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Arch Dis Child Fetal Neonatal Ed. 2013 Jul;98(4):F334-40. doi: 10.1136/archdischild-2012-303035. Epub 2013 Jan 8.

The individual-specific and diverse nature of the preterm infant microbiota.

Author information

1
Food Biosciences Department, Teagasc Food Research Centre, Moorepark, Fermoy, County Cork, Ireland.

Abstract

OBJECTIVE:

To examine the composition of the evolving microbiota of preterm infants at weeks 2 and 4 of life.

SETTINGS:

The paediatric intensive care unit of the Cork University Maternity Hospital.

METHODS:

The microbial diversity of faecal samples from 10 preterm infants was determined using 16S rRNA amplicon pyrosequencing technology.

RESULTS:

In total, 452 863 sequences were obtained from 20 faecal samples collected from 10 preterm infants, allowing a level of analysis not previously reported. The preterm infant microbiota samples were dominated by Proteobacteria (46%), followed by Firmicutes (45%), while the phyla Actinobacteria (2%) and Bacteroidetes (7%) were detected at much lower levels at week 2 of life. This colonisation pattern was similar at week 4 of life. At the family level, Enterobacteriaceae were detected at 50% and 58% at weeks 2 and 4, respectively. The preterm infants were characterised by a lack of detectable Bifidobacterium and Lactobacillus genera commonly associated with the infant gut. In addition to the dominance of the Proteobacteria, a high level of interindividual variation was observed, indeed the relative proportions of different phyla, families and genera in different infants ranged from <1% to >90%.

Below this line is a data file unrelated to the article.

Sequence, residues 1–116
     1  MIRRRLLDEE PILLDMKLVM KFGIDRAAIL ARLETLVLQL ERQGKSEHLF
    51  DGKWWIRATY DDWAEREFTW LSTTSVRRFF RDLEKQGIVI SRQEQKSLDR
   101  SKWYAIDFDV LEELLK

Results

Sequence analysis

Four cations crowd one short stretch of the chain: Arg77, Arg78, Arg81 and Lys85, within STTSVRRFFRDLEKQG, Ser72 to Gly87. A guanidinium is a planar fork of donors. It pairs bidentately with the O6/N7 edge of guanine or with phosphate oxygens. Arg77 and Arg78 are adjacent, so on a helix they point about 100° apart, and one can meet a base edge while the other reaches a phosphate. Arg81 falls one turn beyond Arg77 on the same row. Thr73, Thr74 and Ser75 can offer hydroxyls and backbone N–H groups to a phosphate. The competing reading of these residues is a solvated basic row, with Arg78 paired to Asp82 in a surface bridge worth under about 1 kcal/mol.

CONCLUSIONS:

The results indicate that in addition to an uncharacteristic microbiota relative to that reported for healthy term infants, there was a large interindividual variation in the faecal microbiota diversity of preterm infants suggesting that the preterm microbiota is individual-specific and does not display a uniformity among infants.

KEYWORDS:

Microbiology; Molecular Biology

[Indexed for MEDLINE]

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